Type 2 diabetes and the polycystic ovary syndrome.Minerva Ginecol 2004; 56(1):41-51MG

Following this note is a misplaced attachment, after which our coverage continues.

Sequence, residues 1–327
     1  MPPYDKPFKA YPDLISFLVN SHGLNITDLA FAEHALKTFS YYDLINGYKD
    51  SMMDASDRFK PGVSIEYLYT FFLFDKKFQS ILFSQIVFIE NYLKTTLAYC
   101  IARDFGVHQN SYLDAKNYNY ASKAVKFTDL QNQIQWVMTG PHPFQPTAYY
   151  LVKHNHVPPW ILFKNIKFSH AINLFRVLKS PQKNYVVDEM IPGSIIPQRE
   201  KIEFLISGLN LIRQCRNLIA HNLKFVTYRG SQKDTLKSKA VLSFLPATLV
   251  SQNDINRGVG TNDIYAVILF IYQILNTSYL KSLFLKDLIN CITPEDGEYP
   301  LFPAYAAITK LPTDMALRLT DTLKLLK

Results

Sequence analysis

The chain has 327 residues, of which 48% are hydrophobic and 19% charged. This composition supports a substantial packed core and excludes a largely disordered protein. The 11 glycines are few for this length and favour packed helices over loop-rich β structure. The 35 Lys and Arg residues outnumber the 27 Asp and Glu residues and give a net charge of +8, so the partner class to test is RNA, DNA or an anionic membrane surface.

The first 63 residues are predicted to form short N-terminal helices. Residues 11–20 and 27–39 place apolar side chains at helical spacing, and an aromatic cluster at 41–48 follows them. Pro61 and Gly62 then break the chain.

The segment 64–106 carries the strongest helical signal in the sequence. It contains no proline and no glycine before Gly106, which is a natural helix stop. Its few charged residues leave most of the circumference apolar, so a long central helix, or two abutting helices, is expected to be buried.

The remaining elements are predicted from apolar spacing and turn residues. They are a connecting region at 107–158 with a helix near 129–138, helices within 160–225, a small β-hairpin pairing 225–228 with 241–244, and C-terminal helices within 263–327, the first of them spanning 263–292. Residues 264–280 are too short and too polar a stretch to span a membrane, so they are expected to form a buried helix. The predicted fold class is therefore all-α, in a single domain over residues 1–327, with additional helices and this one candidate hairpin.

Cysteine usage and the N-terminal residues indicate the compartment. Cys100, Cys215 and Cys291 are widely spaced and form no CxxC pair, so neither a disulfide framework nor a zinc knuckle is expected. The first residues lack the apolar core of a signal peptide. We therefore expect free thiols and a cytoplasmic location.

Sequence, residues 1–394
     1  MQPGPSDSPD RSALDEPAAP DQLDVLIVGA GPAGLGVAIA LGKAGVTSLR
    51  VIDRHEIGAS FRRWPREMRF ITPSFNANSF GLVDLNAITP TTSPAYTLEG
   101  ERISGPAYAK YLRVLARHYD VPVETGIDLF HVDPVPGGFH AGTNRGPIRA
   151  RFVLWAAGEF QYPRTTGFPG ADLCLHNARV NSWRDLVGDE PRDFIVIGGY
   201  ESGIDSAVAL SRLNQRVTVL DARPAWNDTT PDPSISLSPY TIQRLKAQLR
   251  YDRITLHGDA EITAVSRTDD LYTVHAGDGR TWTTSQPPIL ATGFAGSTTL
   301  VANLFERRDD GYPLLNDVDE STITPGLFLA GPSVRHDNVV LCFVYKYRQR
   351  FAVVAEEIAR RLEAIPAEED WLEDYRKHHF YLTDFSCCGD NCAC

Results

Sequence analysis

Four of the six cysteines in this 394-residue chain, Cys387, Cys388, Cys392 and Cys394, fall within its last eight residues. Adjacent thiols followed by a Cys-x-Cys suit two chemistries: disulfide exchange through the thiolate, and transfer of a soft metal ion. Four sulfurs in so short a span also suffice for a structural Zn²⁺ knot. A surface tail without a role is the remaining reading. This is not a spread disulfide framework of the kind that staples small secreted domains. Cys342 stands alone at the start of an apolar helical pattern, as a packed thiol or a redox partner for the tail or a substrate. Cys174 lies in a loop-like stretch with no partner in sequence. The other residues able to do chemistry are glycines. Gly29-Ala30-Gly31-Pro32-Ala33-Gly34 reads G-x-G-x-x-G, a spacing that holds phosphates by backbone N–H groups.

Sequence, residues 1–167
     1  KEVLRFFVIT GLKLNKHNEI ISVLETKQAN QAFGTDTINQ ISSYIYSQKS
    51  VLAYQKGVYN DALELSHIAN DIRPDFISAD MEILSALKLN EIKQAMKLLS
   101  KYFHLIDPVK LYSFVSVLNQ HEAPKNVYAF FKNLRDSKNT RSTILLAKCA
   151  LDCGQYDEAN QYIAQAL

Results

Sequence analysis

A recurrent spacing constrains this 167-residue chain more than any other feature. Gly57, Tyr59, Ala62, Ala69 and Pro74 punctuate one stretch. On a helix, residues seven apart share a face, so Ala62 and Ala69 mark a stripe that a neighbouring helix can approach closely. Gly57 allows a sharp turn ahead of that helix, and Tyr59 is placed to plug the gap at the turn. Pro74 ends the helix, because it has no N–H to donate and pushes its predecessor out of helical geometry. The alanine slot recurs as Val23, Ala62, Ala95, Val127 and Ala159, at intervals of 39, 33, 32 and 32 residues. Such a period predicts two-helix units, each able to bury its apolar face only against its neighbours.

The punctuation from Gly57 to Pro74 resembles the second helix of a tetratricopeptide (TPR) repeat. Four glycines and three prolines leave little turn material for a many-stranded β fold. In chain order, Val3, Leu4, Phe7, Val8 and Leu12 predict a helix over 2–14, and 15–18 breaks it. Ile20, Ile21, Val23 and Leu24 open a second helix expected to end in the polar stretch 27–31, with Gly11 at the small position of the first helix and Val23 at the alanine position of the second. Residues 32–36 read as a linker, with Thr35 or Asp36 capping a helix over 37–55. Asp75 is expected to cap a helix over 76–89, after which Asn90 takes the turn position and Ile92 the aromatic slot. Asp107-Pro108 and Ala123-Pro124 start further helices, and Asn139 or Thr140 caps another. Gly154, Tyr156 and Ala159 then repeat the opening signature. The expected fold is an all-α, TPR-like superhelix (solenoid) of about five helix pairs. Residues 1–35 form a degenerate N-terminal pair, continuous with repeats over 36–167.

Polycystic ovary syndrome (PCOS) is a common endocrine disorder, affecting women in reproductive age, characterized by chronic anovulation and hyperandrogenism. The etiology of PCOS is still unknown. However, several studies have suggested that insulin resistance plays an important role in the pathogenesis of the syndrome. As a consequence of insulin-resistance, women affected by PCOS often present abnormalities of glucose metabolism and lipid profile, and have an increased risk of type 2 diabetes and cardiovascular disease over-time. Besides insulin-resistance, it has been demonstrated that some of these women also have alterations in beta-cell-function. Both disorders (insulin-resistance and beta-cell-dysfunction) are recognized as major risk factors for the development of type 2 diabetes. Long-term studies, evaluating the glucose-insulin system in women affected by PCOS, have shown a higher incidence of glucose intolerance, including both impaired glucose tolerance and type 2 diabetes, compared to age and weight matched control populations. The risk of glucose intolerance among PCOS subjects seems to be approximately 5 to 10 fold higher than normal and appears not limited to a single ethnic group. Moreover, the onset of glucose intolerance in PCOS women has been reported to occur at an earlier age than in the normal population (approximately by the 3rd-4th decade of life). However, other risk factors such as obesity, a positive family history of type 2 diabetes and hyperandrogenism may contribute to increasing the diabetes risk in PCOS.